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) ?>?ri? being that Japan and the United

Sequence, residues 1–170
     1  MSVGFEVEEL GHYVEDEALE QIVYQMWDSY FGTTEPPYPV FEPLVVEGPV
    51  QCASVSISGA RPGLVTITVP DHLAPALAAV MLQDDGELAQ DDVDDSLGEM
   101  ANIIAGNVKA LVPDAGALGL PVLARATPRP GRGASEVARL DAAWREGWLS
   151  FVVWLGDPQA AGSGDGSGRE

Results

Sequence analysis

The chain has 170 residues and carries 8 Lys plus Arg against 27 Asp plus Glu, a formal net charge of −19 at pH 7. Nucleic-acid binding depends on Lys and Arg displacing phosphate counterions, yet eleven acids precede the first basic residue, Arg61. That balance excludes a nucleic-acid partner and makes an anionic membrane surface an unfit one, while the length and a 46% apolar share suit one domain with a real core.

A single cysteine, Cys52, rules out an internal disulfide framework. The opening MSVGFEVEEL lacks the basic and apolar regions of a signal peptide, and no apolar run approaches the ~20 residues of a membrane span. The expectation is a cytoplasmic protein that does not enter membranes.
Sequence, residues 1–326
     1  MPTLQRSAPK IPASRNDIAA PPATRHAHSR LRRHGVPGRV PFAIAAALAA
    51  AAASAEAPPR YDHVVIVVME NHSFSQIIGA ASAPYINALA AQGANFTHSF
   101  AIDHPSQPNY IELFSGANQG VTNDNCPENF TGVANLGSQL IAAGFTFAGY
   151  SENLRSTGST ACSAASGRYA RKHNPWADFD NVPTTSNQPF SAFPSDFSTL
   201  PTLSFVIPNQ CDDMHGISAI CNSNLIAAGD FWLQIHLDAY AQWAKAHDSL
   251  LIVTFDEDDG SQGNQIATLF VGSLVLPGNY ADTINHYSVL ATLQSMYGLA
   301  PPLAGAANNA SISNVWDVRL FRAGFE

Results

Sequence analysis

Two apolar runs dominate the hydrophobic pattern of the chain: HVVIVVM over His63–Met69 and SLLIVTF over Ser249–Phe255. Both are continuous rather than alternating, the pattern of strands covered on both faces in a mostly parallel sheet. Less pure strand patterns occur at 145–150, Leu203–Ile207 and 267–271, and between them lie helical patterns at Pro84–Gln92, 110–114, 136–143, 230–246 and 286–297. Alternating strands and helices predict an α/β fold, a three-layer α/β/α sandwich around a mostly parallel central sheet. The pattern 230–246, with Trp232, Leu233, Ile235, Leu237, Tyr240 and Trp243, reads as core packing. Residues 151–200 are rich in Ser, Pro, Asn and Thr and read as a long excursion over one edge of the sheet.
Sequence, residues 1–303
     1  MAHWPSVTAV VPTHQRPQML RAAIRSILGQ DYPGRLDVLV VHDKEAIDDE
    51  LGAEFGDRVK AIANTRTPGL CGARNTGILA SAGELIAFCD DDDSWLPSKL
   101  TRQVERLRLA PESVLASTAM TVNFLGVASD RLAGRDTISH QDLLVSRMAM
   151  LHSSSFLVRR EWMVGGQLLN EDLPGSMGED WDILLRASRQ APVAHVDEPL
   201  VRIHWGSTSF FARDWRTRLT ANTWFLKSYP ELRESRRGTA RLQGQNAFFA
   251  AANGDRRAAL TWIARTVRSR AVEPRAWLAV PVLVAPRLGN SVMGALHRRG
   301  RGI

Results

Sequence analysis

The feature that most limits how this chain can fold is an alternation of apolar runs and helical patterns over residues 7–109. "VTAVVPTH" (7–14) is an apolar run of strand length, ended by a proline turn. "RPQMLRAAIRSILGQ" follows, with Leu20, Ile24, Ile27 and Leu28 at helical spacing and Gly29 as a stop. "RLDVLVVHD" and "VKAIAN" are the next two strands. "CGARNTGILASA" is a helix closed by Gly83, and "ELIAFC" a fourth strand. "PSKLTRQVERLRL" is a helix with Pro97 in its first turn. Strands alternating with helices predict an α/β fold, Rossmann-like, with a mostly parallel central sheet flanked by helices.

States should agree not to spend any more money fortifying these islands Linked to Disarming Schmu* This idea is naturally part and par^t <>f the Who.? ?scheme of armament imitation involved in the present con -orence, for, stripped of much of it' camouflage. On- underlying idea of the -r.tire conference was for Japan and nhe United States to sit down with the other three Allied and associated powers, work out ? solution (or the various controversies between them, and then, with all reasonable prob . b-l?ty v??* war between the two cour trie? removed, agree to stop the risVal ?construction rae.-, which actually, de -pite the protests of both side;?, w? \v ' ?n each ca.^o based on the strength of ? the other. Great Britain was Involved, oi I ov.vse, for two reasons?first, because ? of ?the Anglo-Japanese alliance, and, lecond, becau?e she was the first of be three (treat naval powers. The ?imerican delegation has found the >iritish delegation supporting it most ?araeatly i? Its effort to have the American naval armament limitation plan adopted, despite the eager desire of the British themselves to work out certain modifications in the details of Americr a '.hip-scrapping plan. Britain Seeks U. S. Approval Coupled with this has been the ff>n sr-ant drive of the British delegation toward placating the United States on the Anglo-Japanese alliance. They are willing to make a tripartite agreement " i\\\ the Japanese and the United Stater, which would take cure of every American objection, as they see it, to the Ango-Japanese treaty. Thar? has been no definite movement ??ven toward discussing this on the part of the American delegation, although -here has been no hesitancy, in private discussions between American an?! British members of the conference in the expression of objections on the part of the United States to the con ? ?.nuance of the alliance. ?icquiesvericp on China Conditional* Tokio Hints Delegates to Propose Limita? tions When the Discussion Stage of Plan Is Reached "TOKIO, Nov. _2 (By The Associated Press*. ? The statement of Admiral Y?>mo-aburo Rato, of the Japanese "?.legation, at the Washington confer? ence that Japan approves in principle I -'he Chinese proposal for the open door and equal opportunity in China, is de ? :nri-i\ here to coincide with the views of the Japanese Foreign Office. stated, however, that Japan's acquiescence does not necessarily mean -hat Japan unconditionally recognizes the claims in practice, ana the amiei at >;i is that when the Japanese dele gales a* Washington arrive at the dig? ression stage of individual questions j pertaining to China they will propose conditions concerning their execution and the date of their application. The delegates may resort, according to the newspapers, to c. declaration de ning the particular situation of the ' fapaoese Empire in connection with j Chinese questions and request an ? igreement by the powers interested in I them. The refusai of Secretary Hughes to ! agree to an alteration in the vatio of ! r?.;tik'ships to be retained by the pow ris has been reported by the Japanese ? ?'.?'legates. The government authori ?es, however, are quoted as not re ardtng this development as serious aa it appears, and to believe that ?hero is a chance, for a compromife. British Disavow; Quarrel With ??__ France's Aims! (Continued frem pacts one) j cord with the rejoinder of Secretary Hughes to T,f. Briand. In stating hi3 own posit'?.:. Secretary Hughes also stated or.r.-. So far as our diplomatists cam discover, there is no divergence of V.ind between our attitude towarci French policy and that of the Unite?! States. It may be that the omission on the par? of M*. Briand to make any refer ? rice either to the American or to the .British casualties in France caused surprise. Probably, it war, wholly un? intentional, in any event Mr. Balfour ?vointedly reminded the conference of ?uir million young men dead. But it is not on any matter of courtesy or com "pJiment that we. submit our'views to France. We do not love the Germans ] Jtny mor?? than she loves them. It is simply not tiie truth that what we are thinking about is the profit--, we might make out of Germany. We want di_ ??'.rmament av.d we want peace. These are t?.e blessings that bring profit to all nations alike. We have ourselves actually super \ >.<^d the destruction of the" German war machine on land and on sea. We know that it has disappeared, because we have seen it. disappear. It does not exist. If Germany wants war it will take her p. g?n?ration to prepare for it. ?"here are no signs that she is so much as making a start in that direction. A quotation from LudendortF will not capture Paris. ( There are people in England who still swear allegiance to he House of Stuart. Germany is dis? illusioned of war, horrified over con? scription und getting down to daily industry. The more industrious shi is, so we hold, the safer will be the peace of Europe, and, therefore, the fron? tiers of France. I am going to speak quite bluntly. We have s?'en French valor. We know ;t both a_ the Uly of France and a3 her historic foe. It does not take eight French soldiers to fight one Prussian soldier. It does not take a French army o? 800,000 soldiers to fight 100,000 Germans. The Germans may rave Ludendorff and his typewriter. The French have Foch. Famine Kations Eaten To Aid Russian Children Gurets at Fund Dinner Bny Thanksgiving Meals for 1H0 Youngsters Each A Russian Thanksgiving dinner for the bcne?t of the Russian Famine Fund took place in the grand ballroom of the Waldorf-Astoria last night. The menu consisted of Russian famine ra? tion and each gutrt. with his me.;i ticket bought J80 ether Thanksgiving dinners for as many children on Thanksgiving Day in Russia. Paul D. Cravath, who preside*, read a telegram from Presiden: Harding, in which hope was expressed that the ef? forts of those who attended the dinner would moot with gratifying response. "T feel sure," the President's message read in part, "that your efforts will ap? peal to the generosity o_ our people who to-day are r,o far removed from the pitiable conditions which you are trying to relieve," The speakers v ere Miss Anna Haines, who has ju.-rt returned from eighteen nonths -n Rrmia as the head of the American Friends Service Committee, and Dr. Vernon Ecliogg, special in? vestigator for the American Relief Ad mini strati ??h. Among tho.se present were Julius H. Barnss, William C Broad, Charles C. Hurlingham, Cor"onA .Herbert H. Lrh ?/ir*\ ?.'e,ix u- Warburg and Alle? WardslL Briand Spoke Mainly for U. S. Ear, Says Berlin German Government Calls Some Assertions Made Be? fore Conference Misrep? resentations of the Facts j Press Comment Is Hostile Charge Made Premier Hardly Expected England, Japan and Italy to Believe Him BERLIN, Nov. 22 (By The Asso? ciated Press).- In a statement to The Associated Press to-day the German government officially takes issue with thr? charges of Pi-cmier Briand of France, in his address before the Washington conference yesterday that the German police forces and the Reichswehr constituted a nucleus for a future German army. It declares M. Briand's assertion that tho Reichswehr it-r composed exclu? sively of officers etid non-commissioned officers of the old army is Incorrect, and that, on the contrary, the bulk of tho Reichswehr is made up of youths between the ages of nineteen and twenty-one, recruited since the wnr. The statement then ?jays that the "'protection police" were created at the bidding of the Entente, and adds: "Tho Reichswehr is wholly unaflii iated with the Schutzpolizei, which took the place, of the security police' when the Entente ordered the latter's dtssolution. The Schutzpolizei is pri-? mainly an agency to maintain law and j order, and is not subject to the bu- r thority of the Ministry of Defense. It takes orders solely from tho civilian ? ministries of the federated states. "Its numerical strength and its com-1 position with reference to the ratio of I officers and men are designated and sirpervised by the Ente3tto Control Commission. The number of rifles and small arms it is permitted to have is carefully specified. It does not pos? sess heavy calibered arms suitable to convert into a unit of fighting troops. Denies There Are Arsenals '"The Einwohnerwehr, or civilian ? guards, referred to by M. Briand. have | been dissolved and their arms have I been surrendered and destroyed." The statement disputes M. Briand's! assertion that Germany still possessed 3imnerous arsenals equipped to turn i out war materials, and asserts that these plants are now limited to two orj three required to keep the German j anny supplied and that their output:] is carefully supervised by the Entente j Control Commission. j The government's statement refers j the French Premier to (he recent ad-! dress from the throsie in which King! George of England declared that satis- j factory progress had been made by j Germany in the execution of her finan"- j cial and disarmament, obligatioits. Newspaper comment genet ally char-! acteri^es M. Briand's speech as "flat' falsehood," but most of the journals express fear that America, which is not so well informed on the European sit uation, may believe what he had to say. The opinion generally expressed was that the French Premier's attitude was likely to undermine End nullify the, whole cfort toward disarmament. The following excerpts from Berlin newspapers are generally characters- ; tic of the comment: "Taegliche Rundschau": "Yesterday til.; whole disarmament question Was consecrated. Militarism is dead: long live militarism!" "To American Ears" "Kreu'.-Zeitung": "The principal thing is that France does not consider d;;-.ar-ma3nent, and so disarmament by land is settled so far as the Washing? ton conference is concerned." "Allgemeine Zeitung": "Asnericans will not see thiough the politics of France. Under the cloak of keeping peace on the Continent sho seeks military, political and economic con? trol, which she hopes to extend even over Russin." "Lokal-Anzeiger"; "M. Briand's ar g-aments were new aird striking?to American ears." "Tageszeitnn?-": "M. Briand reckoti?? on the altnost, unbelievable credulity of Americans. That the English, Ja?p aneae and Italian delegates believed him he himself would scarce dare to presume." The newspaper trays that while talking disarmament France is really strengthening her army, adding 3iew 'formations of tanks and airplanes and reinforcing her troops of occupa? tion." j Piek Church Labor Officers \ Members Elect Bishop Man? ! mug* to ?Serve as President Officers were elected et the annual I dinner and meeting of the Church As? sociation for the Advancement of the Interests of Tabor, held last itight in the liotel Endicott, at Eighty-first Street and Columbus Avenue. Tl3e Rt. Rev. Arthur Seiden Lloyd presided. The officers elected are President, the Rt. Rev. William T. Manning, Bishop of the New York Episcopal Dio? cese', first vice-president, the Rt. Rev. Arthur Seiden Lloyd; second vice president and executive secretary. Har riette A. Keyser: assistant secretary, Margaret Schuyler Lawrance; record? ing secretary, Leonora Stoeppler, and treasurer, H. B. Livingston. The new executive committee com? prises the following: the Rev. .Joseph Reynolds of Burlington, Vt.; the Rev, F. W. Tompkins, the Rev. Leighton William-?, of Marlboro; the Rev. Floyd S. Leach, Ph. 1)., New York City; John B. Dry, New York City, and Louisa Richard-, New York City. ?versoii &* Meaeage Men's Clothes Ready Tailored F^JIGNIFIED but not ponderous: "*-^ becomingly smart, but never spectacular: correct in all details. The sort of tailoring you have the right to expect on 44th Street: just east of The Avenue. IVERSON & HENEAGE 7 and 9 East 44th Stree* The Price?; Suits, $50 to $85 Evening Clothes, $75 to $95 Armament limitation for IL S. Barber Commanded by Foeh (?eueialissiino Deelinetf to Permit Use of Clipping Device After Seeing What Happened to the "Coiffure" of His Surgeon ,' : 01 I Phe i'??l?iinc'.i TtrasMt?i7fon Bureau WASHINGTON, Nov. '_2.--MarBhul Poch favors limitation of armament for Aincrtcan barbers. This became known to-day whun he sent for a bar? ber to have Mb hair cut before pro reeding South. Through his aid, his | interpreter and a member of the Sucr?t Service he inquired of the barber tho manner in which ho cut hair. It developed that the generalis? simo's surgeon rashly hud submitted to the clippers of an enterprising I tonsorial artist and had come out close cropped, his neck sh-nven, and his ap? pearance changed from that of a French medico to an American dough? boy. The Marshal was willing to hnvo his locks trimmed, but how could ho bo assured that he would not undergo ; the same fate as his doctor? Dit* ?lie ? barber know how to sin?e hair as they ? do in France? No. Would he then argee not to use the clippers ? The barber protested that on the lower part of the. iteck the clippers rendered valuable Borvico. But no, the Marshal would not hear of it. Either the bar? ber must abandon tho clippers or the Marshal would go untrimmed. And so an agreement finally was reached whereby the Murshal agreed to sit in the barber's chair provided tho bar? ber agreed to scrap his clippers. That the eotiferenco is progressing i3iay be seen in the. increasing signs ot' jealousy between the representatives of the different nations. It is still a pleasant and polite jealousy, but it is much more marked now than it was ten davs ago. That the Chinese did not love tho Japanese already was known to Americans, bt3t that this feeling existed in a greater or lesser degree among the other nations ap? parently had been forgotten. The official spokesmen of the differ? ent delegations are, of course, scru? pulously careful to avoid anything that appears like criticism. But the representatives of their press are 330t so diplomatic. In fact, they listen to the explanations of spokesmen o? their rivals with cynical skepticism. Vet? eran journalists, however, who have, watched numerous conferences, con? sider this growing frankness in Ques? tioning the motives of other powers as an encouraging sign. It. ?s appar- i Sntly nomewhut akin to the proverbial peevishness that accompanies a certain stugo of convalescence, ? * * The sense of porsonal bitterness against France animating H. 0. Wells'? account of Monday's session of tho conference han been explained in jour? nalistic circle?! In Washington by the fact that Mr. Wells's scat fjar tho ses sion was occupied by a Fjornchwoman connected with the French mission In Washington. All attempts to remove her having proved in vain, the Eng? lishman's Ire against all things French naturally was greatly enhanced, Now that China has entered the lists, correspondents are being treated to a new idea of publicity. Where the Brit ish_ were at first diffident, the French backward and the Japanese over? anxious to be pleasant, the Chinese have started their receptions of the press with a mixture of friendliness, cheerfulness and suavity. The head of the Chinese press section, Dr. Tsao, is a most, accomplished and agreeable gentleman, easily conversational, affa? ble, sympathetic and yet smooth Hav? ing been brought up in Amener? and attended American universities, nc ??peaks English perfectly, and knows well American ways, and reactions. When a correspondent spoke of the distunco to be covered in reaching the press room of the Chinese delegation, which is miles away from anywhere, Dr. Tsao at once sympathized warmly and told a little story of his having to make forty call? in two hours. "And I had to give the taxi driver a tip of ?2," he added. This same Dr. Tsao, before the con? ference opened, was talking with a representative, of the press, who hap? pened to be a Harvard University graduate. After tire conversation had proceeded for some, timo Dr. Tsao suddenly remarked to the correspond? ent: "You look like a Harvard man." A little surprised by this statement the corespondent admitted that he war., but added that he had not realized that there was a distinguishable difference between the graduates of Harvard and other universities. Whereupon the Chinese looked up and in a surprised manner asked: "But don't I look like a Yale man ?" Viviani Takes Briand's Place At Arms Table (Continued from rMJ* one) entering the city by an opposite gate, j "Nu," said Viviani, "we shall leave, if i need be. but we shall not flee.'' It was, above all, good sense, all that M. Kesie Viviani was to say to both Americas during and after the war ! and all thnt he was to do in Genova at tho convention of the League of Na? tions. That League of Nations! How often Viviani has been reproached with | it. And perhaps he is the man who has j ?been the best judge of its faults and [ ; who has most clearly perceived its ira- ! , possibilities. I I ? remember that, not a vei-y long j I time ago, he said to rue: "America is j ? perfectly right irr objecting to Article ; ", X of the covenant. No nation can ! honestly pledge itself to Article X." I looked at him in some surprise, for I I knew very well that he deeply re? gretted America's absence from tho League of Nations. And then, with one word, he himself justified America's re f.i ?-?>.!. ] "Yea," continued Viviani, "America i is right and we, all of us who signed this article, were wrong. As for me, it j there is one thing I loathe more than ? all else in the world it is giving a j promise one knows cannot be kept.! ! Now, all the members of the league, j when they signed the agreement that | ? 'they wr-3ild maintain against all out- j i side aggression the present territorial . j and political independence of all the | members of the league,' signed a prom- j ; iso they were all aware they could not j keep. It was foolish. More than that i ? - it was immoral!" 1 pressed the matter further- and ! I asked: "Then you agree that one must not count on a league of nations of any kind to prevent wars?" Education Check Against War lie replied: "I have always been of i the opinion that one should not be- : ; lieve in dreams and have always im | plored those 1 came in contact with j i not to do so. We must work on earth i I and not in the cloud?. There is no j league or association of nations that | I can prevent wars, hut there are leagues | and associations that may be able to i prevent certain wars. Look at what' goes on in the streets. Irritable, peo- ' j pie brush past, each other going to and ' j fro and often fuel like pushing or strik j ing, yet they restrain themselves be I cause education holds thern in check. (A certain moral force is stronger than ! the overexcitement of their nerves. Tire i same is true in the world. Educate a moral force and you will often avoid the violent gestures of peoples, and many a time you will prevent the33i from doing some irreparable act that ? I would discredit them in public opin- j j ion." Is not each word full of good sense? ? j Personally, it is for his rugged, harsh, j unalterable good sense that I lik>; I . Viviani. And it is also for something ! ?else.for the affection we both bear,' i America. Viviani loves America. "Ken- | ' tiraent for America is for him the basis j ?of all French politics. He is ready to j make the greatest sacrifices for it. He ! would despair of his country only if ' be had to despair of American friend- ! ship. i And caring for America he has come I to understand her. It sometimes is : difficult to understand her. Some, peo? ple will hnve come to this conference with Briand and Viviani ami will not have understood anything. They landed with a hood over their heads, taking good caro never to peep out of it. Of course, the hood was made in London by the best, tailor in that city. ? N?rdica Protege Submits Her Suit for Separation Dr. Oscar Reeve Appears as Own Counsel, Saying He Cannot Pay Legal Fees Special Dispatch to The Tribun? WHITE PLAINS, Nov. 22.?Decision was reserved by Supreme Court Justice Morschauser to-day on a motion by counsel for Mrs. Grace Fisher Reeve, protege of Mme. N?rdica, in her action for separation from Dr. Oscar Charles Reeve. Mrs. Reeve asks $.""?00 counsel fees and $50 a week alimony. Dr. Reevo, now with the New Jersey State Hospital, told the court he was unable to pay an attorney. He declared that after articles wore printed con? cerning his wife's effort to obtain pop session of their eight-year-old daugh? ter, Delora, his Manhattan medical practice virtually dwindled to nothing. Attorney Benjamin Fagan, of Ossin ing, for Mrs. Reeve, said his client charged Dr. Reeve with cruel and in? human conduct and failure to support her. Custody of the couple':; daughter was awarded to Mrs. Reeves in a pre? vious proceeding. Den list Dies From Poison Dr, Frank S. Hutchinson, thirty-five years old, a dentist, was found dead last night in his apart nient at 351 Ease L63d Street. According to the police report tb^ man took a poison, the na? ture of which has not yet been deter? mined. Philip Rodir.. who has an apartment in the same house with Dr. Hutchin? son, not having seen him since Sunday, entered the dentist';; rooms and found him ?tend, lying across the bed. The h(,?y was removed to the Fordham Hos? pital morgue A note (?h a table in Dr. Hutchin son's handwriting said the writer was "tired of it all and had determined to make a good job of it this time." According to the police the dentist is survived by a wife, from whom he had been separated, living at 161 West 103d Str et. 136 Liberty St. Rector 99 ??.. Briand Speech Fails to Please British Press Views Declared to Reveal More Clearly Divergence in Policies That Exist Between Two Nations Military Ambition Seen Norlhcliffe Organs Are Only Papers That Find Any lliing They Can Commend Prom The Tribune's European Bureau CopyrlKht, 1021, Now York Tribuno Tru.:. LONDOaN, Nov. 2'.;..With the excep? tion of the. Northcliffo press, tho speech of Premier Briand before the Arma3iient Limitation Conference in Washingto3i yesterday received scant sympathy from the London news? papers It is clear that the address has not helped to strengthen the a\nglo-French relations, as it serves but to reveal more clearly what British observers regard as the fundamental divergence of the British and French policies. The flurry in British official circles over the Franco-Kemalist agreement has not entirely subsided, and Premier Briand's reaffirnration of the French intention to maintain a largo army, although by no means a surprise, con? firms the British opinion that France firmly intends to retain military do 3uinion of the Continent. Briand's Demand Impracticable "The Daily Telegraph," while admit? ting M. Briand's co3itention that Ger many has T3ot disarmed, says: "Those who agree with Briand, how? ever, would be just us apprehensive of German treachery if they knew and admitted that. Germany possessed not n rifle more than the treaty permits,. They require mornl disarman3ent and it is impossible ever to prove that it Iras tn!<en place." This is an umisual attitude for "The Telegraph," but tho supposedly semi? official "Daily Chronicle" goes even further. It admits it is puzzled by the French demand for further German disarmament, saying: "In regard to disarmament no Allied statesman has been more zealous for the essentials than Lloyd George. The only way in which the Western powers earr dispel the danger of Soviet mili? tarism was nnd is to bring tho Soviet within the pale by admitting Russia to the community of civilized nation?. It is France who hat? chiefly obiitructeri this way, and still obstructs it." Tho conservativo "Evoning Stand? ard" rebukes M. Briand for creating the bogey of a revived Germany, srt.ving: "In a world calling for disarmament such gotrpel must be received im? patiently. ' Tho aonseryative "Evening Pisss" regrets the speech at) clouding tho n*> mosph?ifn at Washington, The Northcliffe press warmly com? mends the .speech, while other journals are rrilcnt. Anglo-Japanese Pact Is Specter HaimtingParley (Continued from p-ii? one) they feol that American objections to the treaty can best b?; met by ine'rud- ' ing the United States in a tripartite agreement. They make it clear that they do not mean that such an agree? ment would In any sense abrogate the Anglo-Japanese alliance. They do con? tend that it would make it inoperative 1 with regard to the United Statos, There is small prospect that the American delegates will subscribe to this viewpoint. Few state documents, ! it fs pointed out, have ever been drawn that did not contain r,omc ambiguities, and if there should be ambiguities in any Far Eastern agreement, reached 1 at this conference, about which there was a dispute in tho future between tho United States and Japan, Great Britain's attitude would be of great ?importance., If Croat Britain should ( still be the ally of Japan the situation ! of tho United States might well be ' como one that would occasion, grave alarm in this country. Prior to the recent imperial confer once in London there prevailed in Washington a general feeling that Canada, Australia and New Zealand were in sympathy with the desire uf the United States that tbp Ar>g!o | Japanese treaty should be abrogated. The delegates of these dominions of the empire who are seated at the con? ference here have done all they could, however, to create a feeling that their peoples ore whole-heartedly in accord with the mother country as regards 'this, from the American viewpoint, ob? jectionable pact. It was said authoritatively that the British policy remains a? it was I stated by Lloyd George in his speech I'in tho House of Commons August 17. In that speech tho British Prime Min? ister said: "It is cardinal that wo should act in concert with the. United States of Amer? ica, but I do not see why it is impos sible to remember your obligations to Japan, preserve your friendship for (.hat great country and at the same time preserve a spirit of fraternity with the United States of Amener , . .if an alliance With Japan could merge in a greater understanding with Japan and the United States of Am?r? ica in ?ill th<- problems of the Pacific that would he a great event and it would he a guaranty for the peace of the World, Because the problems of humanity may be to-day in the Atlantic Ocean and they may nasa to-morrow into the Pacific, and when they do the power? that are most greatly concerned in Pacific matters are the United States of America, Japan and the British Empire.'! ADVERTISEMENT ' House for Deficiency Bill j ?104,000,000 Me^re P8?_-_i WiUioat Record Vot, WASHINGTON, Nov. 22,-Th^? i to-day passed the deficiency *?, .** ! trot, hil], < a rrying anprordmatHy Tuf' ? 000,(. 1 he measure, wh. 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